Toronto’s real estate market is red hot right now. According to the Toronto Real Estate Board 2015 has been a record year for home sales across the city, beating out the previous record set in 2007. That means there are plenty of people who will gladly buy up your house if you’re looking to sell. Still, selling your house is a big task and there are some things you can do to help move it faster, as well as some things you should avoid.
Rule no.1 - The price MUST be right
"I think first and foremost is pricing. It’s really, really important," says Richard Silver, senior vice president at Sotheby’s Canada.
"Sellers need to find a realtor who’s going to find them the best visibility, but pricing is very important, because no matter how wonderful a house is, if it’s overpriced it’s overpriced and it just will not sell on the market."
Don’t choose your realtor based on the highest price and the lowest commission. Silver says you need to look at the other houses in your neighbourhood, and look at your home as if you were the buyer. How much would you be willing to pay for the other houses on your block.
"There are a lot of properties on the market and they don’t sell until they get to near market value. So [sellers] need to find out what the market value of their property is and they need to detach themselves somewhat from their property and look at it as a potential buyer would," says Silver.
"No matter what, the market speaks for itself. If you have a house on the market and you're getting lots of activity and lots of showings, but you're not getting an offer, then the house is telling you that the market is not in keeping with what you want for the house. So you’re going to have to be a little bit more flexible."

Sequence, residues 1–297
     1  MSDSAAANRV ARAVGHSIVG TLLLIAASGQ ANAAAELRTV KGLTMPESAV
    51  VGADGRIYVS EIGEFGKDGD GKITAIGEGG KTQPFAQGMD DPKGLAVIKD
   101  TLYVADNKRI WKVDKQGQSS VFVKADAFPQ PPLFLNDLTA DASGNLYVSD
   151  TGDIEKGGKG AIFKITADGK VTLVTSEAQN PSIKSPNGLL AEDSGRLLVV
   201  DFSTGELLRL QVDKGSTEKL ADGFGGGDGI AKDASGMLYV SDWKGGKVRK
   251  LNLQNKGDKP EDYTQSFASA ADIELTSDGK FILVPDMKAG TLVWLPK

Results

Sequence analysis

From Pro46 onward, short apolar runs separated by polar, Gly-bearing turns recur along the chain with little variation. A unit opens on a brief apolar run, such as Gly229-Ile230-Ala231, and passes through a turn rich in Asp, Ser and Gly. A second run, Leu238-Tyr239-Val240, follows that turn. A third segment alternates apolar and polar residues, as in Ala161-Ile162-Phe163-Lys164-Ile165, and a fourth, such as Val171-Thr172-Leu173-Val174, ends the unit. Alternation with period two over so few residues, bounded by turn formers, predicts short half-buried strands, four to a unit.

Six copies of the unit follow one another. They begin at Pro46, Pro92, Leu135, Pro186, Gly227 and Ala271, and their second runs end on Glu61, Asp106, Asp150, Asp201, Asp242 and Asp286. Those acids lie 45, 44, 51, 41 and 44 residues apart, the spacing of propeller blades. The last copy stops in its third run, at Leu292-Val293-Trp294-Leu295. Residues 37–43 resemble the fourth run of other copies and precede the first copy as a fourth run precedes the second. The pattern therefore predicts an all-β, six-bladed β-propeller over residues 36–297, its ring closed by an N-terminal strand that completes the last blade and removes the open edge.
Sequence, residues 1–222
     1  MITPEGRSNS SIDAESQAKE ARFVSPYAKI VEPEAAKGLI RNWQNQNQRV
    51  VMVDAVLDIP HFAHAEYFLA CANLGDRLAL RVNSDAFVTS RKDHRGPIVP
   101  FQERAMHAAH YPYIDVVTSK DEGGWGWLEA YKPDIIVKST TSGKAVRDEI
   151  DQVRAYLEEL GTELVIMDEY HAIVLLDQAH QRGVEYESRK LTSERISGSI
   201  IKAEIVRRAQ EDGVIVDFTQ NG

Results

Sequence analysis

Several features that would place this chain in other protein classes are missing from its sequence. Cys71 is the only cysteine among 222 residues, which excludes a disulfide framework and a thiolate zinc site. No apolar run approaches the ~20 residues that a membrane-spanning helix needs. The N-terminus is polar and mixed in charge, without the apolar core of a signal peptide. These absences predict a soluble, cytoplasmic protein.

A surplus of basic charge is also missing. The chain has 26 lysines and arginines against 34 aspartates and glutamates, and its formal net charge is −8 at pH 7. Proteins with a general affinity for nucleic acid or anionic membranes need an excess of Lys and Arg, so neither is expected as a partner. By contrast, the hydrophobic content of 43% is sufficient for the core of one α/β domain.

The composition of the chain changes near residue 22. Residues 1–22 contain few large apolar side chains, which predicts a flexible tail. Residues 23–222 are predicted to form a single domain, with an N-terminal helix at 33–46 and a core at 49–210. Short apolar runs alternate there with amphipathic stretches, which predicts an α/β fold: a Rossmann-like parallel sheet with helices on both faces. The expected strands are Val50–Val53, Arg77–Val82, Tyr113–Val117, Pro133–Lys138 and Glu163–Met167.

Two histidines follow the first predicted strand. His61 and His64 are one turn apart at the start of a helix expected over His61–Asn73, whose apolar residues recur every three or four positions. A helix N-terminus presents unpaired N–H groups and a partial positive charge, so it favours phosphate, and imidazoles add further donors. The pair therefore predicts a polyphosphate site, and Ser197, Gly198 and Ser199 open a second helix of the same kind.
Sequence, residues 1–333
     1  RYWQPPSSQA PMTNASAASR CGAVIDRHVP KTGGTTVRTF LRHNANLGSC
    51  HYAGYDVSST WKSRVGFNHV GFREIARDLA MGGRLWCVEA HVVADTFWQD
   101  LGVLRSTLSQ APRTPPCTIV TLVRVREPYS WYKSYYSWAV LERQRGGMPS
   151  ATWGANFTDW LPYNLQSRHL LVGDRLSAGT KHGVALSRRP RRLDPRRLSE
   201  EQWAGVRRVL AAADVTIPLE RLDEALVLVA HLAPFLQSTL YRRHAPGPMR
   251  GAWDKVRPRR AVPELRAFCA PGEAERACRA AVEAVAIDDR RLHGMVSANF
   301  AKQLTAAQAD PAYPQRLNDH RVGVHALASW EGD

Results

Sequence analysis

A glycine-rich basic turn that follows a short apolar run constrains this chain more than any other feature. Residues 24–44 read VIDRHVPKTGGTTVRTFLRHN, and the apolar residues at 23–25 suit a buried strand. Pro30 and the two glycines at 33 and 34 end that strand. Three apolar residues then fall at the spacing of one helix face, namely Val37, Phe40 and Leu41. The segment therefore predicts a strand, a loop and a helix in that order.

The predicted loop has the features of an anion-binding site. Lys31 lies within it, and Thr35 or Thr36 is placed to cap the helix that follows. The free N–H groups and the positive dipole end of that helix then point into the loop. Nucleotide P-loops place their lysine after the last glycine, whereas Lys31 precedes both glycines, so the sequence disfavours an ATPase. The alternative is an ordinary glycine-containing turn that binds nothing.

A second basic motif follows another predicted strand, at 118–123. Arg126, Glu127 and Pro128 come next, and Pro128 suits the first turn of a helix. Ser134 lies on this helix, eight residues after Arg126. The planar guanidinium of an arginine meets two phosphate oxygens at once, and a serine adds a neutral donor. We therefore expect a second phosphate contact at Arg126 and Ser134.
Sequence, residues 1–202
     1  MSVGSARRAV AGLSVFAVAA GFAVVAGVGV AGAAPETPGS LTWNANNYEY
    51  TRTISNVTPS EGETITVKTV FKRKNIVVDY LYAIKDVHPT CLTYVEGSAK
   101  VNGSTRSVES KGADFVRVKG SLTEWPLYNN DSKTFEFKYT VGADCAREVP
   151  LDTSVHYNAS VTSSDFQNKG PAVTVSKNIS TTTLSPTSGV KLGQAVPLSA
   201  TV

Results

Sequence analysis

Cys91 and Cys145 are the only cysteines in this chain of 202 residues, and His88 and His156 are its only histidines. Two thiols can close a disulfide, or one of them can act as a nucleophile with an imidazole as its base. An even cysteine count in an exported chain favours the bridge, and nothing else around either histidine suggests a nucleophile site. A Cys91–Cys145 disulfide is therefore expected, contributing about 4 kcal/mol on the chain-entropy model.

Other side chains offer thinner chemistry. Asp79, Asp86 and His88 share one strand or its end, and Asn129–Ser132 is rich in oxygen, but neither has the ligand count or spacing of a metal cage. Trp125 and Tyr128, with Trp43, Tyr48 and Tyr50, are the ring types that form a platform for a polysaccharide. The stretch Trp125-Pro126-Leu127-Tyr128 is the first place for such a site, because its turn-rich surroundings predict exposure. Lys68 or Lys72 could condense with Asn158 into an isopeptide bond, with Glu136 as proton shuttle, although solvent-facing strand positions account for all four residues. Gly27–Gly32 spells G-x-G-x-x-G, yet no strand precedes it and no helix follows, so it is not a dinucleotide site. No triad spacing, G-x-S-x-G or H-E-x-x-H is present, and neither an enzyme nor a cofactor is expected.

Rule no. 2 - Looks are important
How the home looks is a very close second to price. Making your home look the best it can will help you sell more quickly.
"We have what I call HGTV Syndrome,"
"I go into a lot of houses and people will say to me ‘well, we don’t really want to paint, we don’t want to do this,’ and they’ve been in the house for 20 years and they haven’t painted. Putting it on the market now without that paint job is not going to be your friend and putting it on the market with a carpet that’s all stained is not going to be your friend either. "
"I’m not saying that you have to renovate the house but things that most of us would normally consider as regular updates need to be done."
You don’t need to go overboard according to Silver. Make it look as good as possible with as little money as possible. Renovating the whole house to your tastes and style won’t help if the buyer is just going to tear up the place for themselves. But if there are things that need to be done that fall under normal upkeep it’s probably a good idea to see to those first.
"Things don’t have to be brand new," says Silver.
"But anything to do with general maintenance of the property that’s not been looked after will give a lot of people a second thought of well ‘what else didn’t they look after?’"
If your furnace needs to be replaced and it will cost 3-thousand-dollars it’s better to just pay that upfront, and according to Silver you’ll see a bigger return on your investment.
Keeping up appearances is important. Never underestimate the value of a good home stager. A stager can make an otherwise ordinary home shine.
"I think they’re really important. They’ve been a huge change in our marketing," says Silver.
"I have a stager. I pay for her to go through the house and to give the sellers an assessment of what needs to be done and I think it’s a three-to-four-fold investment is what we’re looking at.
"So, if it costs 5 to 10-thousand dollars to bring in a stager and have them stage the property, I know the Seller is going to be looking at 3 to 4 times the return on that investment."
Silver says many of his customers are pleasantly surprised by the changes a stager makes to their home. For example, many condo owners will bring in furniture better fitted for a house, but a stager will often come in and replace it with apartment-sized furniture, helping potential buyers to see the full potential for the space.
"When the sellers go through the process and actually do the staging, do the painting, they’re sort of shocked by how it looks and can’t understand why they didn’t do it when they first bought the house. They’re now living in the house the way it should be lived in,"